Often, people I talk with about jam and jelly ask, “What’s the difference?” Quite simply: you make jam using juice and chunks of fruit, you make jelly from juice with all the fruit pulp strained out of it. From the perspective of the jam-maker, jam and jelly are nearly identical: once you’ve prepared the fruit or the juice, you follow the same steps to cook it into jam or jelly.

The single greatest aide to success at jam-making is to buy a box of powdered fruit pectin, open it, read the instructions it contains, and **follow those instruction**. Until jam- and jelly-making comes automatically to you, don’t mess with the recipes. Using more or less sugar, changing the cooking time, or using too little or too much fruit all can affect the finished product quite noticeably. Too much sugar and over-cooking can result in jam that comes out of the jar in one piece. Too little sugar and under-cooking can result in jam that runs rather than spreading.

I measure five cups of mashed berries into the cooking pot. Then I add a quarter cup of lemon juice (yes, I use the bottled stuff) and the packet of pectin. The pot goes on the stove on high heat and I don’t stop stirring until the jam is done. Cooking works like this: 1. Stir until the mixture boils. 2. Pour in all the sugar at once and mix it in. 2b. Add a tablespoon of butter if you believe it will help keep foam from forming. 3. Stir until the mixture starts boiling despite the stirring activity. From that moment, boil the stuff for exactly 60 seconds. Watch it carefully because it may want to boil over. On my electric stove, I turn off the burner after 15 seconds of boiling, and leave the pot in place. There is always enough heat in the burner to keep the jam bubbling for 45 more seconds. When that minute of boiling ends, remove the pot from the heat. In this photo, you can see the large (covered) kettle in which jars are boiling, and the smaller pot that contains lids and bands heated just below boiling.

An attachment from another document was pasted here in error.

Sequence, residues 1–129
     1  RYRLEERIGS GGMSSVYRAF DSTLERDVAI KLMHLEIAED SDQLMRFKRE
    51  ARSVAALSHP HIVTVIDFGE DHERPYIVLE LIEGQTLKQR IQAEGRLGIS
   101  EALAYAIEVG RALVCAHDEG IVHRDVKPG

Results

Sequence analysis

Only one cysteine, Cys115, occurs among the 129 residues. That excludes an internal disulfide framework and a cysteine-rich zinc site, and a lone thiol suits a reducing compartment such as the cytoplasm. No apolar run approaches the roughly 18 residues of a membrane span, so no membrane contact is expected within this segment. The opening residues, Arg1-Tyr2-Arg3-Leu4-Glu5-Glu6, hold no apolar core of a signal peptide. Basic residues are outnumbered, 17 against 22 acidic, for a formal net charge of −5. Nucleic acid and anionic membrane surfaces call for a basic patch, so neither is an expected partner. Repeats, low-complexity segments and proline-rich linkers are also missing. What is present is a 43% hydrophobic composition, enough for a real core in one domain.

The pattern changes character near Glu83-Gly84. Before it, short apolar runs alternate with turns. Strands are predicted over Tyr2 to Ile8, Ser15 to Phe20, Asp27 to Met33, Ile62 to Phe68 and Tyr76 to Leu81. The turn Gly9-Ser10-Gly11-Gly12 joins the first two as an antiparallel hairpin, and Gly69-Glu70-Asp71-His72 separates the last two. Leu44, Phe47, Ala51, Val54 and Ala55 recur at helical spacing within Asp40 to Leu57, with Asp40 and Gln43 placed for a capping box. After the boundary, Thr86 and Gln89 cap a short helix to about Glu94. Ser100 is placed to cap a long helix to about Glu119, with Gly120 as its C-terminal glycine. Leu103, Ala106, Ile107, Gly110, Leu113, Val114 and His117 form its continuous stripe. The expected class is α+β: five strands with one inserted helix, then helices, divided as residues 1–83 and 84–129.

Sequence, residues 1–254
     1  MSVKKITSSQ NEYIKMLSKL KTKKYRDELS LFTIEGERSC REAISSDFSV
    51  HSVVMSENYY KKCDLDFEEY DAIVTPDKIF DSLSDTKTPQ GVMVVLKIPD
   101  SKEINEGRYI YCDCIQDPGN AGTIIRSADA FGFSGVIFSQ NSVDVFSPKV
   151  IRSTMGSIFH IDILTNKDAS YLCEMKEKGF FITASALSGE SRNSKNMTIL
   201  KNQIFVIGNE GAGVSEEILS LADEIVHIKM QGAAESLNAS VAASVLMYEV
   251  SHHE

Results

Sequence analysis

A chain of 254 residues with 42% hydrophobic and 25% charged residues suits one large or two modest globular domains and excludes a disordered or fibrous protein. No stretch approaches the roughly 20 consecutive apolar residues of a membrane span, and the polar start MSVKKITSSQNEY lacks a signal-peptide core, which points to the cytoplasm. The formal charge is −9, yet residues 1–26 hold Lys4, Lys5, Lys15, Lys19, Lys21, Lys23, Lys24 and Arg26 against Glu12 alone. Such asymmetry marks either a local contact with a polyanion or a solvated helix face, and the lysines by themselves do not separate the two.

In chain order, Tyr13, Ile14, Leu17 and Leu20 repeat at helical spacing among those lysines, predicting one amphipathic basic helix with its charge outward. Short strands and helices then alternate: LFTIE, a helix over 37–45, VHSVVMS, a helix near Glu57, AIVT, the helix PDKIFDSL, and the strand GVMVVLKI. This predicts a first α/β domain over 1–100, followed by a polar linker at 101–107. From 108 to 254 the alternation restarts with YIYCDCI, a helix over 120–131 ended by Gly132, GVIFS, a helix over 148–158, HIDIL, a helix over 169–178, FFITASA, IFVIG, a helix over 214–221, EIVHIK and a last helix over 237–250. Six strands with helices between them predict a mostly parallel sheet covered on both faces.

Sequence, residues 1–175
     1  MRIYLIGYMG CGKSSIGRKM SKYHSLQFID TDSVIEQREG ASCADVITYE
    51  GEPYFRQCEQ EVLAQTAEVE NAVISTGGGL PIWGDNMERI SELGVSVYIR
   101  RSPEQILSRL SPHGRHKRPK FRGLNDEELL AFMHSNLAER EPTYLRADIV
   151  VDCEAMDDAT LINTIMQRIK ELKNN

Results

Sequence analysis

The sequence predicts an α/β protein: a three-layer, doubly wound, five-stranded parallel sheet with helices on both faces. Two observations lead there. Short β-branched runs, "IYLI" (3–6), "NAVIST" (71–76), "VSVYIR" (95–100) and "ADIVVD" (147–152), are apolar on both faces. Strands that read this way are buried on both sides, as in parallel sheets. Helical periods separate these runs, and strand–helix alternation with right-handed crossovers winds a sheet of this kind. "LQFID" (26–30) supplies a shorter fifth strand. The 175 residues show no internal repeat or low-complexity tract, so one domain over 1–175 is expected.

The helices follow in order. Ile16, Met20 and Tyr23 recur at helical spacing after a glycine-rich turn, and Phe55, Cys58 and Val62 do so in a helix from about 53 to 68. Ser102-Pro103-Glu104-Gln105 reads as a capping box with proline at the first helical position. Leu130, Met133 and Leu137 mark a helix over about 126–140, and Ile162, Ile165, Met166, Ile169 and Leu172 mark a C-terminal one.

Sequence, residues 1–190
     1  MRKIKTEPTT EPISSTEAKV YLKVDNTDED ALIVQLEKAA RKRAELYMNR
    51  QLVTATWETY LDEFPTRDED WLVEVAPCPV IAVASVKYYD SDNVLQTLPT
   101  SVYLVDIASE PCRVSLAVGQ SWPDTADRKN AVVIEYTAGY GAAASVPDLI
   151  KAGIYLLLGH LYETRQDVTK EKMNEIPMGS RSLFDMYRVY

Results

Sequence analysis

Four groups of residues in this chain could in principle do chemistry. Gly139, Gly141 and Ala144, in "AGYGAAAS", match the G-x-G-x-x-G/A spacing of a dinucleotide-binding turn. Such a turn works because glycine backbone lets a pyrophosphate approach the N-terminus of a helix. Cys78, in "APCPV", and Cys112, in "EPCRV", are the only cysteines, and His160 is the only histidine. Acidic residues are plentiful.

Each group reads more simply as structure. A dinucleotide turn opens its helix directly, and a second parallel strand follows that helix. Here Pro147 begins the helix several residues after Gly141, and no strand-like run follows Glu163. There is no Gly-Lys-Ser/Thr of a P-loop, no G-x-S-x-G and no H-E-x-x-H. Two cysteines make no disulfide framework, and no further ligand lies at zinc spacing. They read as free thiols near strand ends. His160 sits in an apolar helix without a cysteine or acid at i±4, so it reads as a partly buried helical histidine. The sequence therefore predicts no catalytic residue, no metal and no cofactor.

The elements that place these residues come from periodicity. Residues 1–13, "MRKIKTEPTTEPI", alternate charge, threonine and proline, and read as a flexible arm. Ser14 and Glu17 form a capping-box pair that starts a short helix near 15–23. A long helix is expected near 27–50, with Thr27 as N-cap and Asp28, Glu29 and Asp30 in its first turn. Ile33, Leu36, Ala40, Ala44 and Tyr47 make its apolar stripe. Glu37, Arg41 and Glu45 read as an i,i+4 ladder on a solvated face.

The pectin box contains specific instructions for making jam or jelly from most common types of fruit. Harvest or buy fruit accordingly, and make sure you have the necessary equipment on-hand before you start.

Preserved from a Home Kitchen Garden

Jam made at home from fresh fruit, will keep for a year or longer when you can it properly. Heck, without canning, my mom stored jam on a shelf in a dark closet for a year, and it always tasted fresh. That was in the days when the FDA said it was OK to seal jars with melted paraffin.

Canning jam and jelly is stupid-easy: once you’ve screwed the band onto a jar, set the jar upright in a deep pot of boiling water for ten minutes. Then remove the jar to a towel on the counter and let it cool. With the high-temperature cooking and the ten-minute boil, your jam will be germ-free… and it already contained so much acid and sugar that almost nothing could have lived in it anyway.

I can 12 one-cup gift jars of each type of jam or jelly I make. We give the one-cup jars as gifts to teachers, hosts at dinner parties, golf professionals (at the course where I play), and other acquaintances. It usually takes at least two batches to make 12 cups, and whatever is left over, I put into pint jars for us to eat through the year.